Benno tells William he saw Malachi in the infirmary before Remigio entered. Either Malachi killed Severinus, or he watched who did from his hiding place behind a curtain. William has Benno guard the infirmary door while he and Adso look through each of Severinus's books to find the secret book they've been searching for. William tells Adso to look specifically for a book in Greek, probably because Venantius's notes were in Greek and referenced a Greek text. They can't find the book. Someone must have stolen it and murdered Severinus in the process. Perhaps it was Benno, though he denies it. When William picks up the armillary sphere, he realizes it matches the prophecy of the fifth trumpet in the Book of Revelation: "And I saw a star fallen from heaven unto the earth." The armillary sphere represents the planets and stars of the heavens. So, Alinardo's prediction about the murders following the Apocalypse seems to be correct.

William and Adso try to use logic to figure out what happened to the secret book. When William remembers that Severinus had called it a "strange book," he suddenly understands. Most of Severinus's books are in Greek. The "strange book" was likely in Arabic, which Severinus didn't understand and would think strange. When William muses that many libraries bind "several ancient manuscripts ... together," he realizes what happened and calls himself a fool. He'd instructed Adso to examine Greek books, but maybe the secret book had been bound in a volume with Arabic books. William is "deeply humiliated" by his oversight. He realizes that if Malachi took the book it would be back in the finis Africae by now.

William and Adso decide to return to the chapter house to listen to Remigio's interrogation, which might yield some useful information. They had chosen not to go to Benno's cell, but it turns out that Benno had, in fact, taken the secret book back to his cell and hidden it. They will learn about this later.

Analysis

Each of the early speakers at the meeting bases his argument on the words in the Bible. Words are signs, and the words of the Bible are often notoriously ambiguous. For millennia, theologians have expounded on and argued over the meaning of countless biblical words and phrases to find the one true meaning of the story and the teachings of Christ. But an ultimate, consensual truth has always been elusive because the Bible can be interpreted in so many ways. Ubertino argues for the Franciscans by distinguishing the ambiguous words possession and use, using arcane citations from the Bible as examples. Brother Jerome supports Ubertino's argument. A papal delegate's response is based on "the proper interpretation of Scripture." But whose interpretation of the biblical text is correct? It's impossible to know because the words and text can be interpreted in so many different ways and therefore can be used to support a wide range of viewpoints.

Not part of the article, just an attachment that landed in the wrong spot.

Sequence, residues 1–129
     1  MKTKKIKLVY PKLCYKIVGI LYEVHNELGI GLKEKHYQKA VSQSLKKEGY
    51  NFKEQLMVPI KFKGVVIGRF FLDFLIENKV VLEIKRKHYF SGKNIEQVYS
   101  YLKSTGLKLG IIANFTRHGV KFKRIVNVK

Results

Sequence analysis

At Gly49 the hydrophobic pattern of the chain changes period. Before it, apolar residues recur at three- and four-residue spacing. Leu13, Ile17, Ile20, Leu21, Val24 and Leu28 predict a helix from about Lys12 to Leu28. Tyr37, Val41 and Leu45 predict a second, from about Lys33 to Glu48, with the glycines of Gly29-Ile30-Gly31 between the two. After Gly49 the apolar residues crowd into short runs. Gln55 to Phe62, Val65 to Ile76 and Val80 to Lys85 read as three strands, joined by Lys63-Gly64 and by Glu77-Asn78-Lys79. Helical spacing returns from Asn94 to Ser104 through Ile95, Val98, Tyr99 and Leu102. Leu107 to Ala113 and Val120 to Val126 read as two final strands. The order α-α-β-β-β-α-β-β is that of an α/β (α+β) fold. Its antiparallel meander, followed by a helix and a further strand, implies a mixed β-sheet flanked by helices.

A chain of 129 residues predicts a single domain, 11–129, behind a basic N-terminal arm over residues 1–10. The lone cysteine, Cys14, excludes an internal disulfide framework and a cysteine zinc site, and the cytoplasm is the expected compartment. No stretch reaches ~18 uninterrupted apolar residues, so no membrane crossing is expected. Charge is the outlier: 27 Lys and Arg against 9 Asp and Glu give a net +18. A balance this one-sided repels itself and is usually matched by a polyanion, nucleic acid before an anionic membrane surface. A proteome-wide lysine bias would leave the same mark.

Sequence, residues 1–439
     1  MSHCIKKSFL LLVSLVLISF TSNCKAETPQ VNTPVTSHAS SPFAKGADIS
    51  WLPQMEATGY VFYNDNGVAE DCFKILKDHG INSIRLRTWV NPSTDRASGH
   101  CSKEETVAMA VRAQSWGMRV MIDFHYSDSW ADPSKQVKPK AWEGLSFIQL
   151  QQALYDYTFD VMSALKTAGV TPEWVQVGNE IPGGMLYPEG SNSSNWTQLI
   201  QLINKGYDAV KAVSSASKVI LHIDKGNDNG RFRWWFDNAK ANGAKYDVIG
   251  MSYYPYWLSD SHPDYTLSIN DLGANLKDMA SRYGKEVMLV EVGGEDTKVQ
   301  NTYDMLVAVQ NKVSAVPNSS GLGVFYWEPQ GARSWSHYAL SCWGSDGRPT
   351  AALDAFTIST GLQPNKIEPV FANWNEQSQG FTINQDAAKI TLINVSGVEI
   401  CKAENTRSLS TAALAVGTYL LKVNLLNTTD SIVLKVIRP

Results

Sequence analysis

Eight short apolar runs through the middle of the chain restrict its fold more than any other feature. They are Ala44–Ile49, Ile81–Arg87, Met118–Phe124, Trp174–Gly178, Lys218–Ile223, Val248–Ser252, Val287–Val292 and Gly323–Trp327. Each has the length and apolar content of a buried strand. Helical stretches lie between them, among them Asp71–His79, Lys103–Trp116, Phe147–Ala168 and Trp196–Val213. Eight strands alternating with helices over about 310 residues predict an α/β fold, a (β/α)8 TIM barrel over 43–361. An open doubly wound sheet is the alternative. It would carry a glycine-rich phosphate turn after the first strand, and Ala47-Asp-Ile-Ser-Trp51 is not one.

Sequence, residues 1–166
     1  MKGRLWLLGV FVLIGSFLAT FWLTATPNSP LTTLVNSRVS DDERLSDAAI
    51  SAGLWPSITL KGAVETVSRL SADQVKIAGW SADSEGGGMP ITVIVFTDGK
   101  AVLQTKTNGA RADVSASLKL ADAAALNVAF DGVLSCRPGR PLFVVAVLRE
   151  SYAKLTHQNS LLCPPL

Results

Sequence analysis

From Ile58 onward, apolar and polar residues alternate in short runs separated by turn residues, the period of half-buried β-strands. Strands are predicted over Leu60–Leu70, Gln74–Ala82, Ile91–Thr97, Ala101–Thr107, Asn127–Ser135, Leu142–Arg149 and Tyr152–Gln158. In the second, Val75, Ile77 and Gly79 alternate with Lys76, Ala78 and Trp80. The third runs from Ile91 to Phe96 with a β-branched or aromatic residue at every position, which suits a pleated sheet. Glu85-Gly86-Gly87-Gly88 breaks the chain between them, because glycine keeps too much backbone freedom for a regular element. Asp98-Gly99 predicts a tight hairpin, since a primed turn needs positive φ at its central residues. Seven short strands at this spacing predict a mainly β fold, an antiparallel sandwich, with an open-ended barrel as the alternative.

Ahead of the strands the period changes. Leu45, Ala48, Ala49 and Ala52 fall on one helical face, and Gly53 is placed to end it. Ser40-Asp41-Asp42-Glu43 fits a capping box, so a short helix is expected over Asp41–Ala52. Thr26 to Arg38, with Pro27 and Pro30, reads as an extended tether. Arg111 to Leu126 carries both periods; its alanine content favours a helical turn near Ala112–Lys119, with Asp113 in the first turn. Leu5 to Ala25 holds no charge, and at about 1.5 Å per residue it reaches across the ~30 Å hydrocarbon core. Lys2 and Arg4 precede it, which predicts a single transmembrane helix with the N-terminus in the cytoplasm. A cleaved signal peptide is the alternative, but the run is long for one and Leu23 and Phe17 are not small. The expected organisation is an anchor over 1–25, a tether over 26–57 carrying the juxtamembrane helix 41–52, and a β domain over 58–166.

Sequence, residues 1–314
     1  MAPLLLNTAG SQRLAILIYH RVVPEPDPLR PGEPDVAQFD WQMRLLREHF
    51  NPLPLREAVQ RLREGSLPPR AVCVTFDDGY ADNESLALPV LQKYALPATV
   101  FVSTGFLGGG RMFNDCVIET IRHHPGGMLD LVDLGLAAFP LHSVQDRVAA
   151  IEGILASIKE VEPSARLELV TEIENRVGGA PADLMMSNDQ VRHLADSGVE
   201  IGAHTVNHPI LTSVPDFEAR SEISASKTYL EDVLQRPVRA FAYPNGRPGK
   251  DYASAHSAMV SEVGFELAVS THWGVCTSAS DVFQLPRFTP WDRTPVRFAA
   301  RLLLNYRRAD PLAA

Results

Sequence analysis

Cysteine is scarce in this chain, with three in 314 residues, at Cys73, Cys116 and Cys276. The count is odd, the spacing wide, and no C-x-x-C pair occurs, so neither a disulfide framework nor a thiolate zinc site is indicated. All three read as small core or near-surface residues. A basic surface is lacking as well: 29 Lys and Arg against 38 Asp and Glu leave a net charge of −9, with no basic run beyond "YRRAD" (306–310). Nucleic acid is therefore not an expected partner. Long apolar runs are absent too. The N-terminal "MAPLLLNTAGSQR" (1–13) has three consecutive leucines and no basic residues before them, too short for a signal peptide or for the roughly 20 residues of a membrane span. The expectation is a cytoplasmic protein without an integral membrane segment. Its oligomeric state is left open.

William, who is knowledgeable about logic, argumentation, and interpreting words as signs, becomes exasperated with the illogical arguments. When he finally speaks, his knowledge of logic makes him a persuasive debater. William's cogent argument is persuasive because he couches it in words and examples whose sign and meaning are clear. William believes the two forms of power, divine and secular, should be separate.

Severinus reveals the likely existence of the secret book, which he hints has been left at the infirmary. That Severinus is then killed by a metal sphere with astronomical signs seems to support the apocalyptic pattern in the murders, referencing the sounding of the trumpet in Revelation. Yet, the fact that the sphere's decoration is based on astronomy makes it "a fine example ... of astronomical science." Perhaps this murder relates to the rejection of scientific knowledge in opposition to religious dogma about the nature of the cosmos.

For what is probably the first time in the book, William makes critical interpretive mistakes that set back his investigation. Because all the murdered monks knew Greek and because Venantius's notes were in Greek, William and Adso look for the secret book in a volume of Greek manuscripts. William also fails to correctly interpret the sign given by Severinus that the book is "strange." When he suddenly realizes this probably means it's included with manuscripts in Arabic, it's too late. William's second critical error is in his misjudgment of Benno's character. William dismisses his doubts about Benno and so is unaware that Benno then takes the secret book to his cell. Adso, too, makes a serious error in judgment when he ignores William's instructions to follow Jorge and instead follows Remigio. Had Adso followed William's instructions, he might have gleaned important information about the secret book and the latest murder.